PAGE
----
Filing 73

MEMORANDUM ORDER granting 62 Motion to Compel Responses to Discovery Requests. Signed by Judge J. Nicholas Ranjan on 5/22/2023. (pak)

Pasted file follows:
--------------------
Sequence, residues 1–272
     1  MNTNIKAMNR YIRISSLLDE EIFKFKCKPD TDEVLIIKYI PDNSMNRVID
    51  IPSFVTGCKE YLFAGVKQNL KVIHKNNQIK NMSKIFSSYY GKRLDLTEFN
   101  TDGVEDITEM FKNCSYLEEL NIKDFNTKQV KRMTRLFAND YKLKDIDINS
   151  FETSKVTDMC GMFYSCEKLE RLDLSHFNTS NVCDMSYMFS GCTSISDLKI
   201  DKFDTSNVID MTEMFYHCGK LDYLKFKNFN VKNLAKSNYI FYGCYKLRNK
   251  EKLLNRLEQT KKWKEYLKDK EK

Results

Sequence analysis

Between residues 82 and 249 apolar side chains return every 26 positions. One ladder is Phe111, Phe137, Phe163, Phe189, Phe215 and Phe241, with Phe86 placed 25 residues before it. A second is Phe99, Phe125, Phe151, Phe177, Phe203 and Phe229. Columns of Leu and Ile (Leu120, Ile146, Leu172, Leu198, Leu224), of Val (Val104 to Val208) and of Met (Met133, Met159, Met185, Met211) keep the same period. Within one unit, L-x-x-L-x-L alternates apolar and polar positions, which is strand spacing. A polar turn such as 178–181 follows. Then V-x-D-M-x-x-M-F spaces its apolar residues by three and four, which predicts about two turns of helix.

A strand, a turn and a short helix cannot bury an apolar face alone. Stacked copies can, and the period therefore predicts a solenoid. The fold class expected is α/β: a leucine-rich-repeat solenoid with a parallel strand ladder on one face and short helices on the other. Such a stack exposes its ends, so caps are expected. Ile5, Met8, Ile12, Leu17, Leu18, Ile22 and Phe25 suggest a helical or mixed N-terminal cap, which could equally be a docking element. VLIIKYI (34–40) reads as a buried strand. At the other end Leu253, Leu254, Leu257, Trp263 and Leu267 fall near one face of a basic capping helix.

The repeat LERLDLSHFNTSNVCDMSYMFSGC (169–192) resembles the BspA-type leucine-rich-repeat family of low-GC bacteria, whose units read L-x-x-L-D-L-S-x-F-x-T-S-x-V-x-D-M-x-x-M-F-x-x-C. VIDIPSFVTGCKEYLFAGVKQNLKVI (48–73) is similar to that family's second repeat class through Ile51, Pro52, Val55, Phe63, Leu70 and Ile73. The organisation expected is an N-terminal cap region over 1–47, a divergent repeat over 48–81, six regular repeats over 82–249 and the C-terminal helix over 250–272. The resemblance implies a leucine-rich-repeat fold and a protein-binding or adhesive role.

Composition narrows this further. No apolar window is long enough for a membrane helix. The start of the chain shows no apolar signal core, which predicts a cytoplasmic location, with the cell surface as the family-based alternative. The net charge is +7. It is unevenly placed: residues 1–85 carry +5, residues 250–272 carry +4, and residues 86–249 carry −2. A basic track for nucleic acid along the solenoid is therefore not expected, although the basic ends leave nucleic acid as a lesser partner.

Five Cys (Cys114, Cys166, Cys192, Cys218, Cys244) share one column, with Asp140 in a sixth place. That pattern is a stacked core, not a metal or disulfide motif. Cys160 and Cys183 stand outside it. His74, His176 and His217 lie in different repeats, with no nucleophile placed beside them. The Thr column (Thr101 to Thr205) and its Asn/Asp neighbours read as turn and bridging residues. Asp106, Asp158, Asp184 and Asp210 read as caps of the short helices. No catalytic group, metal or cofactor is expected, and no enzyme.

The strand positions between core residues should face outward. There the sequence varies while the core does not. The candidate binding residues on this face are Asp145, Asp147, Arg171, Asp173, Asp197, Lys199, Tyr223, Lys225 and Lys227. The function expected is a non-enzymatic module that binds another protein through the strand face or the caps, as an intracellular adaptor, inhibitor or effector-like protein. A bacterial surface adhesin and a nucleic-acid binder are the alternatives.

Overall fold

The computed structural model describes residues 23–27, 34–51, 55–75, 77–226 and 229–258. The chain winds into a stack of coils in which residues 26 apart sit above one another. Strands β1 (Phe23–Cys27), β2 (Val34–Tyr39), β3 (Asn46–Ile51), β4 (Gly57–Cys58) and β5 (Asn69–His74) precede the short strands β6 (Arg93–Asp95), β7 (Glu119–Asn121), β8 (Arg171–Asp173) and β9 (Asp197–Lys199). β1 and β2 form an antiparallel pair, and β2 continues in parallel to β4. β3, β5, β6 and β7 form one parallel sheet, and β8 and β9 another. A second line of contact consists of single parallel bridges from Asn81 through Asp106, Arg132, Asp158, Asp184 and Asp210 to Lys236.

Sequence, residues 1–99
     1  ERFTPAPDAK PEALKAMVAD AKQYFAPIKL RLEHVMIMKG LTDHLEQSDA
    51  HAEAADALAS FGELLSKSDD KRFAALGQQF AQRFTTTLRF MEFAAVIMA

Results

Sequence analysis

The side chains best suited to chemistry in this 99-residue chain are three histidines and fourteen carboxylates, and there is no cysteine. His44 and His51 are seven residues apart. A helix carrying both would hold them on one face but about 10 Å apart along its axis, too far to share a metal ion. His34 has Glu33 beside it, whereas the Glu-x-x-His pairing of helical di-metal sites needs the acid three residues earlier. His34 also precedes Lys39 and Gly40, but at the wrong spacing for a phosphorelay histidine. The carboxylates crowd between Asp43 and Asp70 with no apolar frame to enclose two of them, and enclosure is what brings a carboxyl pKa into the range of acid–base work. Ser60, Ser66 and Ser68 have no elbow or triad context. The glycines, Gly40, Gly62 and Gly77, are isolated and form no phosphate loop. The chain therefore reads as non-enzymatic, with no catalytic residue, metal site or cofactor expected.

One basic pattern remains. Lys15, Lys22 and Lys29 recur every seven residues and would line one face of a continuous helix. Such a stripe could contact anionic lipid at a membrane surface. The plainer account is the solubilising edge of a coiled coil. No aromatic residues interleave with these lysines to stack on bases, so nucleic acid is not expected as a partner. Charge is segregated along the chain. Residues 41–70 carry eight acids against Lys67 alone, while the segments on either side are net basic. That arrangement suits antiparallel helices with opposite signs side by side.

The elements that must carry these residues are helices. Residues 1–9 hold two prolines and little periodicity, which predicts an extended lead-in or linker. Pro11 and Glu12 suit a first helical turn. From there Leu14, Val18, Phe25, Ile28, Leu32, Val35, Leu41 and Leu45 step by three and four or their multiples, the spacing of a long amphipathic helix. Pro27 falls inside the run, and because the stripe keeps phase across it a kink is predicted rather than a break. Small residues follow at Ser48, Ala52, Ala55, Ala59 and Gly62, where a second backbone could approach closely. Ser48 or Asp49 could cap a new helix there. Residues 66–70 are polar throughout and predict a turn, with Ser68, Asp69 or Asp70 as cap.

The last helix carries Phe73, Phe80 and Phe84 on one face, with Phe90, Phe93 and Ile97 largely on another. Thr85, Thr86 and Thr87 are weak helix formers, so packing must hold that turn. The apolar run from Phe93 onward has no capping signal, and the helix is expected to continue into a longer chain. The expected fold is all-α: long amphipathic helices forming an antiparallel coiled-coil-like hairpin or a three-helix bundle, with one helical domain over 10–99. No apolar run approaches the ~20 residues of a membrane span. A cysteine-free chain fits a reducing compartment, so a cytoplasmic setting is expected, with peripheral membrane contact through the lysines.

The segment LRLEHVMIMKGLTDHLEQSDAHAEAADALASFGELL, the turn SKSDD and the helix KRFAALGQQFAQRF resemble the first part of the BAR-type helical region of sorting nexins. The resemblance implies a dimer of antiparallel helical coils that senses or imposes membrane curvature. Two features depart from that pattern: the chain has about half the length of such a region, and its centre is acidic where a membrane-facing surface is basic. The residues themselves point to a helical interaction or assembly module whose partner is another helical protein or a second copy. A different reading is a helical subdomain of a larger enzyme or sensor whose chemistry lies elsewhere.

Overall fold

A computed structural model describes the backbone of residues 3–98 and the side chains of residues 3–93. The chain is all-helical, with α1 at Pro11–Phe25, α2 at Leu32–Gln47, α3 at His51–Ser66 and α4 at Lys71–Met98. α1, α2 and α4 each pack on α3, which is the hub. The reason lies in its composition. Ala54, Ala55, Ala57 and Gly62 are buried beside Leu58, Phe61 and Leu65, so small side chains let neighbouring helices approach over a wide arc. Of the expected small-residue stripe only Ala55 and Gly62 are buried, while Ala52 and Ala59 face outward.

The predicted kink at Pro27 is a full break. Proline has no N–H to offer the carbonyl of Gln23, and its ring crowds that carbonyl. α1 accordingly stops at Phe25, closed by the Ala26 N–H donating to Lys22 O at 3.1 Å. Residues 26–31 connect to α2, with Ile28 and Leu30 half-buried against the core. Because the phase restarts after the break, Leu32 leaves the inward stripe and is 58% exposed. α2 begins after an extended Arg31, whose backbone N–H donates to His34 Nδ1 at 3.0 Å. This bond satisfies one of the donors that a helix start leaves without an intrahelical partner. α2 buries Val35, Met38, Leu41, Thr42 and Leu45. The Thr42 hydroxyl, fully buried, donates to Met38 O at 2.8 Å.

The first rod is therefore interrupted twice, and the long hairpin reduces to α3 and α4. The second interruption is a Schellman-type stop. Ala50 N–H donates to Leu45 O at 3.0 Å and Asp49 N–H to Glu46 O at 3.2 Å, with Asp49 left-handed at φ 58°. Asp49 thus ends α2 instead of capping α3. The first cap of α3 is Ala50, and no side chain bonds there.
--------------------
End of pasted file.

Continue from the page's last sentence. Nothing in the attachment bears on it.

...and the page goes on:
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Case 2:21-cv-01859-NR Document 73 Filed 05/22/23 Page 1 of 8 IN THE UNITED STATES DISTRICT COURT FOR THE WESTERN DISTRICT OF PENNSYLVANIA BLASE TUCCI, Plaintiff, v. GILEAD SCIENCES, INC., Defendant. ) ) ) ) ) ) ) ) ) ) ) 2:21-CV-1859-NR MEMORANDUM ORDER Before the Court is Plaintiff Blase Tucci’s motion to compel Defendant Gilead Sciences to respond to discovery requests and provide materials from two internal Gilead investigation files: one related to Mr. Tucci’s complaints about improper business conduct (the August 2018 investigation) and the other related to Mr. Tucci’s complaints about retaliation against him (the December 2018 investigation). ECF 62. Mr. Tucci claims that these files contain relevant, non-privileged materials, but that Gilead has asserted a blanket privilege over them and provided an inadequate privilege log. Id. at 4-9. Gilead has withdrawn its claim of privilege for the December 2018 investigation, but maintains that the materials in the August 2018 investigation file are not relevant to Mr. Tucci’s claims and are otherwise protected by the attorneyclient privilege and work-product doctrine. ECF 65, p. 2-4. After careful consideration, the Court agrees with Mr. Tucci, and finds that Gilead’s categorical assertion of privilege over a relatively small universe of documents to be improper. Thus, for the reasons that follow, the Court GRANTS Mr. Tucci’s motion. Mr. Tucci is entitled to discovery that is relevant, non-privileged, and proportional to the needs of the case. Fed. R. Civ. P. 26(b)(1). The Court begins with relevance, but some background is in order. The second amended complaint alleges that Mr. Tucci reported misconduct to Gilead’s legal department in August 2018, and Case 2:21-cv-01859-NR Document 73 Filed 05/22/23 Page 2 of 8 that Gilead’s legal department launched an investigation into this misconduct. ECF 35, ¶¶ 89-98. As part of that report, Mr. Tucci provided Gilead’s legal department the names of his supervisors who he alleged were involved, including Harry Durr and Brian Vautier. Id., ¶ 95. Mr. Tucci alleges that he was retaliated thereafter by these supervisors, including through unjustifiably negative performance reviews. Id., ¶¶ 99-132. Based on this, the Court finds that the August 2018 investigation and associated file documents are clearly relevant. Those documents can go to pretext, which is part of a plaintiff’s prima facie whistleblower claim. Javitz v. Luzerne Cnty., No. 85 MAP 2021, 2023 WL 3263481, at *6, *11 (Pa. May 5, 2023). For example, if Gilead discovered that Mr. Tucci’s report was meritorious, it might have provided a motive to retaliate. Also, if Gilead conveyed certain information to Mr. Tucci’s supervisors as part of this investigation (which can be plausibly inferred from the second amended complaint (ECF 35, ¶¶ 103-110)), Mr. Tucci could connect some of the causal dots between his report and their mistreatment of him. That, in turn, could cast doubt on the performance-based reasons for Mr. Tucci’s termination. Thus, the August 2018 investigation and related file are relevant. The next question is whether the August 2018 report and file is privileged. On this question, it’s important to distinguish between the final report itself and “the file” (i.e., documents, witness statements, and the like that were reviewed as part of the investigation). 1 Taking Gilead’s in-house counsel at her word, the August 2018 report was prepared by in-house counsel to provide advice to the company. ECF 65-1, ¶ 5. This The discovery dispute here concerns the “final report” from the August 2018 investigation conducted for the purpose of providing legal advice to Gilead, and the “[f]ile from [that] investigation by in-house counsel into Plaintiff’s August 2018 Business Conduct Report.” ECF 63-1. From those files, Mr. Tucci seeks “all nonprivileged documents contained in the investigative files, including witness 1 -2- Case 2:21-cv-01859-NR Document 73 Filed 05/22/23 Page 3 of 8 is clearly protected from disclosure by the attorney-client privilege and work-product doctrine. Serrano v. Chesapeake Appalachia, LLC, 298 F.R.D. 271, 280 (W.D. Pa. 2014) (Cercone, J.) (applying Pennsylvania law and concluding that investigative report conducted by counsel into wrongful death incident and “related communications involving its content and/or the application of the assessments and strategies advanced by [counsel] . . . are protected by the attorney-client privilege”); see also United States v. Amerada Hess Corp., 619 F.2d 980, 986 (3d Cir. 1980) (“Legal advice or opinion from an attorney to his client, individual or corporate, has consistently been held by the federal courts to be within the protection of the attorney-client privilege.”). The investigative file, though, requires a more nuanced analysis. Gilead invoked both attorney-client privilege and work-product protection over these documents. The attorney-client privilege, which in this diversity case is controlled by Pennsylvania law, 2 “operates in a two-way fashion to protect confidential client-toattorney or attorney-to-client communications made for the purpose of obtaining or providing professional legal advice.” Gillard v. AIG Ins. Co., 15 A.3d 44, 59 (Pa. 2011). The privilege applies to corporations and extends to communications between corporate employees (regardless of their position) and counsel when the communications “are kept confidential and when they are made at the behest of counsel and with the goal of furthering counsel's provision of legal advice to the client, statements, communications with witnesses, the identity of witnesses interviewed as part of each investigation, documents collected for purposes of the investigations, and draft documents prepared as part of the investigations by non-legal counsel and which do not reflect attorney-client communications[.]” ECF 63, p. 10. That said, the Court notes that “the Third Circuit and the state of Pennsylvania apply the same test in evaluating the attorney client privilege.” Nesselrotte v. Allegheny Energy, Inc., No. 06-1390, 2008 WL 2858401, at *4 (W.D. Pa. July 22, 2008) (Fischer, J.) (citations omitted). 2 -3- Case 2:21-cv-01859-NR Document 73 Filed 05/22/23 Page 4 of 8 the corporation.” Custom Designs & Mfg. Co. v. Sherwin-Williams Co., 39 A.3d 372, 379 (Pa. 2012). That said, “the privilege obstructs the truth-finding process and is to be construed narrowly. The privilege protects only those disclosures—necessary to obtain informed legal advice—which might not have been made absent the privilege.” Serrano v. Chesapeake Appalachia, LLC, 298 F.R.D. 271, 281 (W.D. Pa. 2014) (cleaned up). “The showing necessary to establish the privilege is settled: (1) When legal advice of any kind is sought (2) from a professional legal adviser in his capacity as such, (3) the communications relating to that purpose, (4) made in confidence (5) by the client, (6) are at his insistence permanently protected (7) from disclosure by himself or by the legal adviser, (8) except the protection be waived.” Id. (cleaned up). The work-product doctrine, codified in Federal Rule of Civil Procedure 26(b), “is designed to protect material prepared by an attorney acting for his client in anticipation of litigation. In contrast, the doctrine does not protect documents prepared in the ordinary course of business, or pursuant to public requirements unrelated to litigation, or for other non-litigation purposes.” Id. at 277 (cleaned up). Because Gilead invokes both protections over the August 2018 investigation materials, it must show either that the contents are communications made from client to counsel or counsel to client in confidence and for the purpose of obtaining legal advice, or that the contents were prepared in anticipation of litigation and not in the ordinary course of business. Id. at 276-77, 281. It has done neither. Instead, it asserts a blanket privilege over the entire investigation file simply because the materials underly the investigation. ECF 65, p. 12. That argument misses the mark because it stretches the privilege too wide. The law is clear that “[w]hat are protected in most instances . . . are the communications themselves. Documents sent to or prepared by counsel incorporating such information for the purpose of obtaining or giving legal advice, planning trial strategy, etc. are protected from compelled disclosure.” Andritz Sprout-Bauer, Inc. v. -4- Case 2:21-cv-01859-NR Document 73 Filed 05/22/23 Page 5 of 8 Beazer E., Inc., 174 F.R.D. 609, 633 (M.D. Pa. 1997). But “[a] party may not refuse to disclose facts simply because that information came from a lawyer.” Servis One, Inc. v. OKS Grp. Int’l Pvt. Ltd., No. 20-CV-4661, 2021 WL 5882101, at *14 (E.D. Pa. Dec. 13, 2021) (cleaned up). In fact, both the attorney-client privilege and work-product doctrine carve out discovery of purely factual material from documents that might otherwise receive privilege protection. See Hickman v. Taylor, 329 U.S. 495, 511 (1947) (Where “relevant and non-privileged facts remain hidden in an attorney’s file and where production of those facts is essential to the preparation of one’s case, discovery may properly be had.”); Andritz Sprout-Bauer, 174 F.R.D. at 632-33 (“To the extent that purely factual material can be extracted from privileged documents without divulging privileged communications, such information is obtainable.”). Similarly, the mere fact that counsel reviewed material as part of an investigation conducted for the purpose of providing legal advice does not of itself subject that material to protection. Patel v. Kensol-Franklin, Inc., No. 14-1439, 2016 WL 1109874, at *5 (M.D. Pa. Mar. 22, 2016) (“Simply because the photographs are part of the investigation report does not entitle them to protection under either the attorney-client privilege or the work-product doctrine.”); LaVeglia v. TD Bank, N.A., No. 2:19-1917, 2020 WL 127745, at *4 (E.D. Pa. Jan. 10, 2020) (documents that “do not implicate any communications with counsel” or “do not include legal advice that was given” are not privileged). Rather, the materials are protected only where they reflect communications made for the purpose of obtaining legal advice or were prepared by an attorney in anticipation of litigation. See LaVeglia, 2020 WL 127745, at *4 (privilege required redaction of email chain relating to discussions with counsel about prospect of litigation but could otherwise be produced); Smith v. Unilife Corp., No. 13-5101, 2015 WL 667432, at *3 (E.D. Pa. Feb. 13, 2015) (draft SEC Form 10-K reports were privileged to the extent the drafts contained legal advice and communications -5- Case 2:21-cv-01859-NR Document 73 Filed 05/22/23 Page 6 of 8 between counsel and client). By characterizing the file contents as privileged by virtue of their presence in the file, and not by their actual content, Gilead has failed to meet its burden. Reynolds v. Slippery Rock Univ., No. 18-1571, 2021 WL 796029, at *5 (W.D. Pa. Mar. 2, 2021) (Fischer, J.) (“[C]laims of privilege must be asserted document by document, rather than as a single, blanket assertion.” (cleaned up)). Gilead attempts to draw a distinction between “purely factual information” and “underlying facts” that are the subject of a “privileged investigation” to justify its blanket privilege. ECF 65, pp. 11, 12 n.5. Disclosing those “underlying factual” materials, it argues, would “necessarily reveal counsel’s thought process and opinions, which are protected by the privilege.” ECF 65, p. 11 (citation omitted). But that distinction is tantamount to covering up the facts “simply because that information came from a lawyer.” Servis One, Inc., 2021 WL 5882101, at *14. Indeed, if Gilead were correct, then the privilege would prevent disclosure of a (hypothetical) smoking gun email between two non-legal counsel employees that indisputably proved Mr. Tucci’s termination was pretextual—merely because in-house counsel reviewed the email as part of its investigation. Both the attorney-client privilege and work-product doctrine “will not protect against the disclosure of underlying facts or protect clients from factual investigations.” Abraham v. Phillips, 287 A.3d 848, *4 (Pa. Super. Ct. 2022) (cleaned up), appeal denied, No. 311 EAL 2022, 2023 WL 3087342 (Pa. Apr. 26, 2023); Polansky v. Exec. Health Res., Inc., No. 12-4239, 2018 WL 1964195, at *3 (E.D. Pa. Apr. 26, 2018) (“Defendant cannot preclude discovery on these facts merely because they were the topic of privileged communications or attorney work product.” (emphasis in original)). In sum, Gilead cannot invoke a blanket privilege over the investigation file, and must produce responsive non-privileged documents from the file, or otherwise -6- Case 2:21-cv-01859-NR Document 73 Filed 05/22/23 Page 7 of 8 provide a log that identifies, by document, which specific documents are being withheld and the basis for withholding them. 3 Additionally, to the extent that the log (or answers to Mr. Tucci’s discovery requests) reveals the identities of individuals who were interviewed or gave witness statements as part of the investigation, that information is not protected and must be logged or produced. Gilead argues that the identity of witnesses might be work-product protected. The Court disagrees. See In re Auto. Refinishing Paint Antitrust Litig., No. MDL 1426, 2006 WL 1479819, at *5 (E.D. Pa. May 26, 2006) (collecting cases and concluding that while witness or interviewee lists “may provide a remote clue as to the nature and scope of [a party’s] investigation, their substantive work product content is minimal. In producing this information, [the party] need not reveal any of the details of the interactions that occurred or the mental impressions, conclusions, legal theories, or opinions drawn therefrom.”); see also Amerada Hess, 619 F.2d at 987-88 (list of interviewees “is of rather minimal substantive content, and presents none of the classic dangers to which the Hickman v. Taylor rule is addressed.”). But even if the identities of interviewees were covered by the work-product doctrine, the Court finds that there is a “substantial need” to produce this information, triggering an exception to the doctrine. Serrano, 298 F.R.D. at 276. That is because knowledge of the investigation by certain individuals at the company—specifically, Mr. Dunn and Mr. Vautier—is of critical relevance, given that The Court is also not convinced that a privilege review of the file documents (about 2,900 documents) is so burdensome as to allow Gilead to escape its obligations to create a specific privilege log. See Northwood Nursing & Convalescent Home, Inc. v. Cont’l Ins. Co., 161 F.R.D. 293, 299 (E.D. Pa. 1995) (compilation of privilege log for “hundreds” of documents, “most of which are privileged,” not unduly burdensome, especially as compared to “17 million potentially privileged documents”). 3 -7- Case 2:21-cv-01859-NR Document 73 Filed 05/22/23 Page 8 of 8 the claim here is that Mr. Tucci was retaliated against for reporting misconduct to the legal department, and communications about the investigation may be evidence that Mr. Tucci’s supervisors knew of his report. See In re Plastics Additives Antitrust Litig., No. 03-2038, 2007 WL 9825891, at *2 (E.D. Pa. Feb. 28, 2007) (list of witnesses “is discoverable upon a minimal showing” of need). 4 * * * Therefore, after careful consideration and consistent with the foregoing, it is hereby ORDERED that Mr. Tucci’s motion to compel responses to discovery (ECF 62) is GRANTED. Gilead shall respond to the disputed discovery requests and produce responsive non-privileged documents from the investigative file within 21 days of this order, along with a privilege log. 5 DATED: May 22, 2023 BY THE COURT: /s/ J. Nicholas Ranjan United States District Judge Gilead cites Utesch v. Lannett Co., No. 16-5932, 2020 WL 7260775, at *7 (E.D. Pa. Dec. 9, 2020), for the assertion that such a list is protected by the attorney-client privilege. ECF 65, pp. 11-12. The Court does not read Utesch for that holding, but is otherwise not persuaded by it, since a list of names is not a communication. Utesch, 2020 WL 7260775, at *4 (“The attorney-client privilege protects: (1) a communication (2) made between privileged persons (3) in confidence (4) for the purpose of obtaining or providing legal assistance for the client.” (cleaned up)). 4 While a close call, the Court finds that Gilead’s position on the motion was, in part, “substantially justified,” and so it will not award Mr. Tucci its attorneys’ fees as part of the motion. 5 -8-